Hamish Fulton was born in London and studied at St Martin’s School of Art and at the Royal College of Art, in London. Both during, and just after, his time at St Martin’s, Fulton made several visits to the USA, travelling extensively, and began there to be interested in presenting landscape as sculpture, with the aid of photography. Unlike his contemporary Richard Long, Fulton leaves no formal mark or intervention on the land through which he travels nor does he exhibit works of art other than those captioned photographs, or more recently prints, which evoke his experience of the journey. Initially only one work represented each journey, with such extreme economy Fulton made clear that his photographs do not document the landscape nor record the duration, but rather aim to condense his experiences, functioning like the roadside cairns they sometimes record, as signs or mementoes of a human act. The communicative power comes from the resonant texts which accompany Fulton’s work; the texts are not an attempt to give a complete description: some give only selected objective details of place, time, distance; others have more subjective details of the artist’s state of mind. Of his work Fulton wrote in 1981: "I do not make sculpture in the landscape involving permanent alterations and changes to the earth’s surface, as my intention more and more is to be influenced by nature, and nature (the natural environment) is not man-made. My art is a passive protest against urban societies that alienate people from the world of nature."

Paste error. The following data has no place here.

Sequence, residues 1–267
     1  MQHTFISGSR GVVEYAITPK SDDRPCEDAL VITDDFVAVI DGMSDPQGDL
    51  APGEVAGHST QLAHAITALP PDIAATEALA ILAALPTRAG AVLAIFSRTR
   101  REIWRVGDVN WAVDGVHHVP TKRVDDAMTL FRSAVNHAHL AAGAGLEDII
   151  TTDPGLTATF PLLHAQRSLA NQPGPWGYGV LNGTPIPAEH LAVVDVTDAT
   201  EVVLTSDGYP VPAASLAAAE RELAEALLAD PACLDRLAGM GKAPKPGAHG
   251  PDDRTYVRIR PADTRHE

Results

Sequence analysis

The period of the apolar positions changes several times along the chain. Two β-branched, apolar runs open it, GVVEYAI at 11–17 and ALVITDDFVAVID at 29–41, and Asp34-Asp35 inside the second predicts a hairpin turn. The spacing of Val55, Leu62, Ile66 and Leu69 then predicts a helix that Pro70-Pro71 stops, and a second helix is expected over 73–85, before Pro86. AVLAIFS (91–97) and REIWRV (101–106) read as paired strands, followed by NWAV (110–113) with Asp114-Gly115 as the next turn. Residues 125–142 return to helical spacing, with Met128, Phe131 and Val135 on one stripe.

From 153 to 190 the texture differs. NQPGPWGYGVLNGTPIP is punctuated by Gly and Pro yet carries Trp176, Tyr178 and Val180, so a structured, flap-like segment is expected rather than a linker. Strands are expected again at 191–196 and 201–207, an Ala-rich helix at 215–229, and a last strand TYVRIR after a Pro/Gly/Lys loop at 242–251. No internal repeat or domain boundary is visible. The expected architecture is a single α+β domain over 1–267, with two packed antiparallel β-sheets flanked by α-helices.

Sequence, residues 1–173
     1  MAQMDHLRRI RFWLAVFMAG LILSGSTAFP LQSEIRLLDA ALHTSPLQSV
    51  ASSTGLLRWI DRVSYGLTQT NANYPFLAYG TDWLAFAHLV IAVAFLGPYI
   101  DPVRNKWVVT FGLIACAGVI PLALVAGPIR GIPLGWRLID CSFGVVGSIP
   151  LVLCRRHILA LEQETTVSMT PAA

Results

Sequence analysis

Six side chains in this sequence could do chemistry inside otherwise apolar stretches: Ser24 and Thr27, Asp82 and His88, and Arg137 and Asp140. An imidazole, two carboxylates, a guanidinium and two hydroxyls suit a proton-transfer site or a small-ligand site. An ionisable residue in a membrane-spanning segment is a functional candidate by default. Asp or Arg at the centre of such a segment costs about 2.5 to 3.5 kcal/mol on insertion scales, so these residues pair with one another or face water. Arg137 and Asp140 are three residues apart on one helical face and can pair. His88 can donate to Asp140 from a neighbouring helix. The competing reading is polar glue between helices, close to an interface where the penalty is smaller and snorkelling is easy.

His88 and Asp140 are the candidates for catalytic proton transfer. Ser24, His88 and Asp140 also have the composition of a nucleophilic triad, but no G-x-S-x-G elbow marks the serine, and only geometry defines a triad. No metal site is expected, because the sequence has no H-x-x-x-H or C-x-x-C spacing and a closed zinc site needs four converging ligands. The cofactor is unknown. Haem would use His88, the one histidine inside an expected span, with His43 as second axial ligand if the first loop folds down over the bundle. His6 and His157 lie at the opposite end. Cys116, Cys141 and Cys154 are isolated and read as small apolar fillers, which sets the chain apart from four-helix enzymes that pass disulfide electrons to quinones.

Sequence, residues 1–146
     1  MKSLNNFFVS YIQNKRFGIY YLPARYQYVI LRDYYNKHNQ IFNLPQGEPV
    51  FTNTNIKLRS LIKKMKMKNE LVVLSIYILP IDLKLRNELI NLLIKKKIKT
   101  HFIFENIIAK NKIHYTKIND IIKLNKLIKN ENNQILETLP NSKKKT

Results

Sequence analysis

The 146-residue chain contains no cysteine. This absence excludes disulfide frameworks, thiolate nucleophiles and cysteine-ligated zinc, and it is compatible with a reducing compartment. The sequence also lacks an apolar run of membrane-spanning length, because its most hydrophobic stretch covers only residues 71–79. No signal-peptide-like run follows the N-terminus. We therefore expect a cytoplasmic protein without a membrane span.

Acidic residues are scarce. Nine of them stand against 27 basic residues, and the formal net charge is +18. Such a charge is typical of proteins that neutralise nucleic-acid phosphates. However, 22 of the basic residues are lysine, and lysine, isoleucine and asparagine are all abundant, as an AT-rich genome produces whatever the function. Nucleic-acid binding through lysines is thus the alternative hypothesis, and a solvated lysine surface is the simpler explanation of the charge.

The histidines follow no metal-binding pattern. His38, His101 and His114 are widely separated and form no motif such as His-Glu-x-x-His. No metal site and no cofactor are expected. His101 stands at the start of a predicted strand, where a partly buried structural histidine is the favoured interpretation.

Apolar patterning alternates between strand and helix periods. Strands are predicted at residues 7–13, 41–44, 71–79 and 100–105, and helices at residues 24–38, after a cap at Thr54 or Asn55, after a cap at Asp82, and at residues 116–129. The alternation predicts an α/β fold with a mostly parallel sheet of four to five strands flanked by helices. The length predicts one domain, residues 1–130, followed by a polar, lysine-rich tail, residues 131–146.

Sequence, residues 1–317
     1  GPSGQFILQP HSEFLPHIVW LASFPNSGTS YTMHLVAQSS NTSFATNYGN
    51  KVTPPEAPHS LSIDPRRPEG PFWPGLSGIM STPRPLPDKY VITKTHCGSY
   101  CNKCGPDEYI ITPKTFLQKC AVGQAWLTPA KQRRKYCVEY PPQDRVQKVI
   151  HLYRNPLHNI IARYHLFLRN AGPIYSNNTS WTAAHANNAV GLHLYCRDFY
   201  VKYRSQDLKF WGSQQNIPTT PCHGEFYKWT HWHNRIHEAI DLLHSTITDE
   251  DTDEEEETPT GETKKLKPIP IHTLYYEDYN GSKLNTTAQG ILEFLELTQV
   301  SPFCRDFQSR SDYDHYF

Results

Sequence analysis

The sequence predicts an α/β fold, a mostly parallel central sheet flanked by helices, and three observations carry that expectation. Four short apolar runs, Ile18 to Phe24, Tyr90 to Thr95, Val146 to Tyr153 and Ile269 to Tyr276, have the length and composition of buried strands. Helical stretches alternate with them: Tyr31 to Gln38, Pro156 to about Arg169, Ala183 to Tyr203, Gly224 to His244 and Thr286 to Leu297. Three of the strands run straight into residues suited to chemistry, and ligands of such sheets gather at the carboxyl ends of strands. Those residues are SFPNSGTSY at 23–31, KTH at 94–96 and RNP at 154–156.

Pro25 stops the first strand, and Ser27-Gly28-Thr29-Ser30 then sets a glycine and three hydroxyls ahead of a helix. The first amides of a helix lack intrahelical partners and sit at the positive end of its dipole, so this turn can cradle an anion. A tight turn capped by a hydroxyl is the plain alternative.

Photography as Medium, The British Council 1981